Failure Test Trade Setup In Action

Posted in: Basic Trading Strategies, Trading Article

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failure
I love to receive emails from traders especially when they are talking about something specific I had written.

Even better is when what you have written about has paid off for them.

This is a simple price action trade setup that appears in virtually every single time frame.

The higher the time frame, the longer you may want to consider holding the position.

Watch the video version of this trading article

Simple Trade Setup Details

You may have read in one of the posts that a trade equals a setup plus a trigger. You may have a setup but it does not always equal a trading trigger.

By having a trigger in your trade setup, it will keep you from emotionally entering a trade

There are many names you may want to use to describe this trade. Failure test, price probe, stop run, or whatever name you want to apply to it is fine but I like to call it a failure test.

There are a few things we need to see for this trade before and during the setup.

We want to see price have some sort of run to it. In this case, price had dropped almost 100 points in just under sixty minutes.

For those who like trend lines and watching the slope, this certainly had a slope that would indicate a run in price.

trend lines

I had to reproduce the charts because I was not sent the actual charts that were used.

The first part of the trade setup is complete in that we have had an extended run in price. This extended run offers up the potential of a run in the opposite direction.

Sideways Price Action

You want to look for price to start printing sideways as this is showing that some of the run is being worked off.

It’s also important because traders have noted the large move in price and many are feeling like they missed the move. You also get those that are always wanting to catch the turns and they are sitting and waiting to pounce.

price range

You can clearly see in the second variable of this trade setup that price is ranging inside the high and low of the lowest candle of the push down in price.  When the trader that emailed me saw this start to occur, she went on high alert for a possible trading opportunity.

On the right side of the range, you see price pop up through the high and slam down which some traders look at as the starting flag in a Nascar race.  Traders pile in and also note that there may have been buyers that entered on the upside break trapped inside that red candle.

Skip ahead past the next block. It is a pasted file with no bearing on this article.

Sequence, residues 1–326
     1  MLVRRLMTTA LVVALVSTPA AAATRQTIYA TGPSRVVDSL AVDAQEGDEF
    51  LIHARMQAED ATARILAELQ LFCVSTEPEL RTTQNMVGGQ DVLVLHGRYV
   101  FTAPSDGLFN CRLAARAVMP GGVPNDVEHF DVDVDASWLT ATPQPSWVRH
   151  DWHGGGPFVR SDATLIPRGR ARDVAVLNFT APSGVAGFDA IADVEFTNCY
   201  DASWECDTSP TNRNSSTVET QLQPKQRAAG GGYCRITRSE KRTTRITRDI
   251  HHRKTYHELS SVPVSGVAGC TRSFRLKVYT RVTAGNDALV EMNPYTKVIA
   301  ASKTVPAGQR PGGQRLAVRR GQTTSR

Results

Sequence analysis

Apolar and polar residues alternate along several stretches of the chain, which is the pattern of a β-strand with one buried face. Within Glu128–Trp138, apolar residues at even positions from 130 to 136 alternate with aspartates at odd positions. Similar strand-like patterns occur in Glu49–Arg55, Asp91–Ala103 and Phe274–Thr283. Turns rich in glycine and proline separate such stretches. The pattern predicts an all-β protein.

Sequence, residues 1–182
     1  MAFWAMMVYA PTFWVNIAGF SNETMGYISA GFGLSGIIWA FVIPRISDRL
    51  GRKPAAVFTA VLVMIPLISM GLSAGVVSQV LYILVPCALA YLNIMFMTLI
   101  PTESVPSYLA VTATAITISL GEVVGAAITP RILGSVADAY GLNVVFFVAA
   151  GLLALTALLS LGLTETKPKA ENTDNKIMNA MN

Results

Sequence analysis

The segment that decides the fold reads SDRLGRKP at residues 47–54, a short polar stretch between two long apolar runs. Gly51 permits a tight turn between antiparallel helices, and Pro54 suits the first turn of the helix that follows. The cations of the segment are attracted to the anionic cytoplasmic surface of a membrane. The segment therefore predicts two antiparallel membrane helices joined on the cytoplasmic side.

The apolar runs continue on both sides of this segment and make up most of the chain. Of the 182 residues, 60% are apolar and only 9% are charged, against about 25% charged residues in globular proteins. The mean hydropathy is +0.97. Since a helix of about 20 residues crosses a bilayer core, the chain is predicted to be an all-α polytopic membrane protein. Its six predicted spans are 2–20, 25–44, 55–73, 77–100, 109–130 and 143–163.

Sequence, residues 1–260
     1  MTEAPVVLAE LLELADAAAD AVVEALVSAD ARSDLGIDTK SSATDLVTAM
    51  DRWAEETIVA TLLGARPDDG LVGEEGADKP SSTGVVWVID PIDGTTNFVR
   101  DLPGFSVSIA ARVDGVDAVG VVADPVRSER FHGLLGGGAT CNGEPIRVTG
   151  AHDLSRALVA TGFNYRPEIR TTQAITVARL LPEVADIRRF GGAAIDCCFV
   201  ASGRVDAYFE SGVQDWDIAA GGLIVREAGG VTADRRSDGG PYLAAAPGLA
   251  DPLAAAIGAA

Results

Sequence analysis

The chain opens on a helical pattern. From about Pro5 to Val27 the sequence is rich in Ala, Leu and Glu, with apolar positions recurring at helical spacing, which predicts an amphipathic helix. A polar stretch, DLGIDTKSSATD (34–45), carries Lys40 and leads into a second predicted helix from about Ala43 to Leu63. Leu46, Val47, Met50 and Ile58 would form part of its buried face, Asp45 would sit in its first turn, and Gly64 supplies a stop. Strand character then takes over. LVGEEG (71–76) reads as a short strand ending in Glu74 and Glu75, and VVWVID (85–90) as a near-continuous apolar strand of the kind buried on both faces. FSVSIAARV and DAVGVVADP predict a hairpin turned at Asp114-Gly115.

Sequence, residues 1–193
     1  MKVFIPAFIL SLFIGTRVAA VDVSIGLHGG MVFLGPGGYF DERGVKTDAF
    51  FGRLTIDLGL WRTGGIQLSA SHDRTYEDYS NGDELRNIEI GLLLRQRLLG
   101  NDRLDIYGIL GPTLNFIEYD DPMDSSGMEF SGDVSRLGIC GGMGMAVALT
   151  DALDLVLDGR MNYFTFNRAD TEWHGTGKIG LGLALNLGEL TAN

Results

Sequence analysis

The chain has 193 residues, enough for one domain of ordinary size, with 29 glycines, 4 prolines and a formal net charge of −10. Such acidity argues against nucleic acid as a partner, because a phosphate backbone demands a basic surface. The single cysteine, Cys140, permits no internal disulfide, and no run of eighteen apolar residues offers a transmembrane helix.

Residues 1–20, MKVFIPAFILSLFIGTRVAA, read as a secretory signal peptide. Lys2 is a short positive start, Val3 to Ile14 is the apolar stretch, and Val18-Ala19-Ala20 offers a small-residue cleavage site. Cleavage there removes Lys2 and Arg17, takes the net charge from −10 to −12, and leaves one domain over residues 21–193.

With the formed range, we are near the end of the setup.

Price Fails At The Lows

You now want to see price slam the low and immediately (relative to time frame) reject the new price level and race back inside the range.  This trader is a stickler for “confirmation” and needs the failure to also pierce the standard setting Bollinger Band.

If that does not occur, there is no further interest.

Trade setup complete

The setup for this trade is now complete and what you need now is a trigger to get you into the position.

A quick trade setup recap:

  • A strong run in price
  • Ranging price action
  • Break of range and immediate recovery

We still need another piece of the puzzle.

Trade Setup Plus Trigger

The trigger is simple and for brevity, the next chart will cover the rest of the entire trade.

A buy stop is placed just above the recovery candle with a stop at the low.  There are times where the first recovery may fail (same trade on higher time frame) but we don’t know if it failed because the trend is resuming.

You can always re-enter a trade so take the stop if it occurs.

The target (1) was because this area was already tested and she felt it could break.  There was a Bollinger pierce (remember what her confirmation was for the long) and in tandem with the resistance level, the exit was done.

trading profit charts

Since there was a strong move to the upside, being on alert for another leg was almost routine.

At #2, price pulled back to the top of the range that started this entire move and combined with the basic Bollinger trade, a long was taken.

The target was a wait and see at #3.  Price did not extend and once it pulled back to the mid-line, the trade was ended.

You can see that simple has always and will always work in trading.  Getting caught up in the complex and “system hopping” is not a great use of your trading education time.

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CoachShane

Trader at Netpicks
Shane his trading journey in 2005, became a Netpicks customer in 2008 needing structure in his trading approach. His focus is on the technical side of trading filtering in a macro overview and credits a handful of traders that have heavily influenced his relaxed approach to trading. Shane started day trading Forex but has since transitioned to a swing/position focus in most markets including commodities and futures. This has allowed less time in front of the computer without an adverse affect on returns.

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